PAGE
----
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'Star Wars' director J.J. Abrams: 'It really is about hope.'

By
Fred Topel
Star Wars: The Rise of Skywalker writer-director J.J. Williams says the latest film is about hope. Photo by Jim Ruymen/UPI
"Star Wars: The Rise of Skywalker" writer-director J.J. Williams says the latest film is about hope. Photo by Jim Ruymen/UPI | License Photo

Dec. 20 (UPI) -- Writer-director J.J. Abrams and the cast recently discussed the most inspiring elements of Star Wars films at a press conference for the latest offering, Star Wars: The Rise of Skywalker.

"Star Wars, for me, was about hope and community," Abrams said earlier this month. "It's about the underdog, and it was about bringing people together. It really is about hope. It's about coming back to your sense of possibility, about unity. If Star Wars can't do that for us, I don't know what can."

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The Force Awakens was the first of Lucasfilm's Star Wars productions under Disney. Abrams brought back Luke Skywalker (Mark Hamill), Princess Leia (Carrie Fisher) and Han Solo (Harrison Ford) and introduced new characters Rey (Daisy Ridley), Finn (John Boyega), Poe (Oscar Isaac) and villain Kylo Ren (Adam Driver).

Rey began The Force Awakens as an orphaned scavenger. AWOL Storm Trooper Finn and the droid BB-8 got her wrapped up in an adventure when Kylo Ren came looking for them. Now telepathically connected to Kylo through The Force, Rey is leading the Resistance to defeat his First Order.

Three movies into her Star Wars journey, Ridley has adjusted to the physical and emotional demands the films require.

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"With the physical stuff, you train and train and train and then the adrenaline helps you do the thing," she said. "Also. the stamina needs to be there for you to continue to do your thing."

She added: "I would say I was more tired emotionally because there really wasn't a day where I was like, 'Oh, it's just a quick scene.' There's a singular tension that was tiring because, even in the emotional scenes, there's a physical containment that is tiring."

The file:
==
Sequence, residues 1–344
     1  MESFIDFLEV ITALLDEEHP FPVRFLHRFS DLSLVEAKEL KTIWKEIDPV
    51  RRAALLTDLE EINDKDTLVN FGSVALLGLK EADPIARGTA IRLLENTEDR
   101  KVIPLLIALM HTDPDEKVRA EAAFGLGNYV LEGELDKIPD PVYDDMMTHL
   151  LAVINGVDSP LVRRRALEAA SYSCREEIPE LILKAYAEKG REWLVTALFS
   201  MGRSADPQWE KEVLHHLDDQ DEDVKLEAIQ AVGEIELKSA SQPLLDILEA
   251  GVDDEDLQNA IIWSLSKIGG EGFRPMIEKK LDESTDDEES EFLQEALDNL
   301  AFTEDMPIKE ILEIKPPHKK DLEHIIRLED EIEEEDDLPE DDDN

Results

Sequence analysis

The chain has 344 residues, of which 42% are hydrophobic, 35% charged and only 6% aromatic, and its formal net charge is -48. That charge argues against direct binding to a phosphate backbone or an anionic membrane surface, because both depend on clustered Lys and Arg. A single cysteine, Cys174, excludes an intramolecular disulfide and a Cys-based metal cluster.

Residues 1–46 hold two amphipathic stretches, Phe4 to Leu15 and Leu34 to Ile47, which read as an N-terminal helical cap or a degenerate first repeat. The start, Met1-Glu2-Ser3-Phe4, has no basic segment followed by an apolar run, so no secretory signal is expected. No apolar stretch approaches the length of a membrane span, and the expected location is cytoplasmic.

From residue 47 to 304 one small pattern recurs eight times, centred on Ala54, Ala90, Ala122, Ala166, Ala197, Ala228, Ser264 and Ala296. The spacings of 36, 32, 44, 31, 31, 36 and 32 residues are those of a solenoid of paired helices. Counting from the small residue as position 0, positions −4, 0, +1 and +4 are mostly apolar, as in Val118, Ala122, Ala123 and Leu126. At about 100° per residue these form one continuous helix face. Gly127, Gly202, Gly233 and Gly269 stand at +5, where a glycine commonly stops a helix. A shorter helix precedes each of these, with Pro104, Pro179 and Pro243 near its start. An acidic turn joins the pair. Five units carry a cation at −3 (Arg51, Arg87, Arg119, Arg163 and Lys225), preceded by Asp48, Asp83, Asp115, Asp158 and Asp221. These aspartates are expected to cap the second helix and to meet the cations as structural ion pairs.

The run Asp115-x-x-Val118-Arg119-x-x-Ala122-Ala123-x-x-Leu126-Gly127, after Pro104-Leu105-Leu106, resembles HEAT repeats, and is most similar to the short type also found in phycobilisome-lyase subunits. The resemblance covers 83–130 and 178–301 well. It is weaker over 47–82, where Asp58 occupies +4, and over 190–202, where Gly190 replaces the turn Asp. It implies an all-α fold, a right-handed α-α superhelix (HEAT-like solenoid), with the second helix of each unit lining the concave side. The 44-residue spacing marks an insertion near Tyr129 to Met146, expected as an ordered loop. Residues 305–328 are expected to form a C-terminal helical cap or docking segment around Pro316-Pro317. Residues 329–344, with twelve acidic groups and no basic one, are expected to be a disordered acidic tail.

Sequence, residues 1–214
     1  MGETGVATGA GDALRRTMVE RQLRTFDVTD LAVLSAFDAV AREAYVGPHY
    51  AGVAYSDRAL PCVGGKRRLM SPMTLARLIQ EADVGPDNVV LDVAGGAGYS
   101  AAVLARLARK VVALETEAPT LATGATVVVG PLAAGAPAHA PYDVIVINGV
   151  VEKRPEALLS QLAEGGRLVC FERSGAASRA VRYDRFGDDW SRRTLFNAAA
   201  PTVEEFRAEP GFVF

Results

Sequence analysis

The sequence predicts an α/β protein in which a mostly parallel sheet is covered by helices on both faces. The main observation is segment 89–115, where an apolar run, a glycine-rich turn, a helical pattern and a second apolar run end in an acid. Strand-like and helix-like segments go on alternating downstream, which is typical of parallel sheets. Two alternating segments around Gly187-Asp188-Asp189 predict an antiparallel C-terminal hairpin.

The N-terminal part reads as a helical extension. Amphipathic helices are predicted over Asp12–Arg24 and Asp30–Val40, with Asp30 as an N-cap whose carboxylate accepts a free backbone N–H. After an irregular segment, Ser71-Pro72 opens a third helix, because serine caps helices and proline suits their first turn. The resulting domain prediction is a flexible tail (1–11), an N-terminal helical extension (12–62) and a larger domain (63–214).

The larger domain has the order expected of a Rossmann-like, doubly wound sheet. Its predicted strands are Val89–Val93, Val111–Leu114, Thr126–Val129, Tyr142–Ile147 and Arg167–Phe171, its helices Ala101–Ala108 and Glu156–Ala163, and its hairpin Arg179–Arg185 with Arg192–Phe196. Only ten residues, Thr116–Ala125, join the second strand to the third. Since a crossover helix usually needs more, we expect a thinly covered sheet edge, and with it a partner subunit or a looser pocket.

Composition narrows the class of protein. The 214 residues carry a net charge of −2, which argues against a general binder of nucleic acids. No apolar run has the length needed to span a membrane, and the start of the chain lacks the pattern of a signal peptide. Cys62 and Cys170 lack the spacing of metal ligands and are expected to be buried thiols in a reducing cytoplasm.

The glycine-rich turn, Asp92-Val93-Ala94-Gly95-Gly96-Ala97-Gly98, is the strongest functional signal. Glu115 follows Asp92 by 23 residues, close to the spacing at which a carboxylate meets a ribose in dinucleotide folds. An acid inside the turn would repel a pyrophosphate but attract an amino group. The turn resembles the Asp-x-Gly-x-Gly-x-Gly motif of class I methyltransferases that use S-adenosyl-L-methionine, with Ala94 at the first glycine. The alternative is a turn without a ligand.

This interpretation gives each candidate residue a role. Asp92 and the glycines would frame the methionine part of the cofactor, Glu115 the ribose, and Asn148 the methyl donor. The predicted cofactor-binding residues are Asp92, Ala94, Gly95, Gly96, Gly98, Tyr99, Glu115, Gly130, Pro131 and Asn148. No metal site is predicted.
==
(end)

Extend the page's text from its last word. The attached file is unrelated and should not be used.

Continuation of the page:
One of the twists of The Force Awakens was Kylo Ren's connection to original Star Wars characters. That film revealed Kylo actually is Ben Solo, the son of Han and Leia. Driver says there's no more Ben Solo left in Kylo Ren by The Rise of Skywalker.

"When people are actively trying to deny a certain part of their lives, I think they can do it pretty successfully," Driver said. "I don't think it's something we actively talked about playing."

Finn defected from the First Order and joined the Resistance with Rey. Boyega said Finn's loyalty is the quality he admires most in his character.

"Loyalty is something that I find very, very important in my life," Boyega said. "I think it's just super important to be loyal and to understand the way in which we all want to be loved and communicate. Proactive love is something that Finn does on a day-to-day basis."

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Star Wars: The Rise of Skywalker will feature the last appearance of Carrie Fisher as Gen. Leia of the Resistance. Fisher died in 2016 before filming The Rise of Skywalker. However, Abrams and co-writer Chris Terrio wrote scenes around existing footage not used in The Force Awakens to craft Leia's final scenes.

"If we had Carrie around, would we have done some different things here and there?" Abrams asked rhetorically. "Of course, we would have. But we had the opportunity to have Carrie in the movie. She's great in the movie of course. It's still emotional and moving to think of her and how sad we are that she's not sitting here with us today."

Star Wars: The Rise of Skywalker opens Friday.

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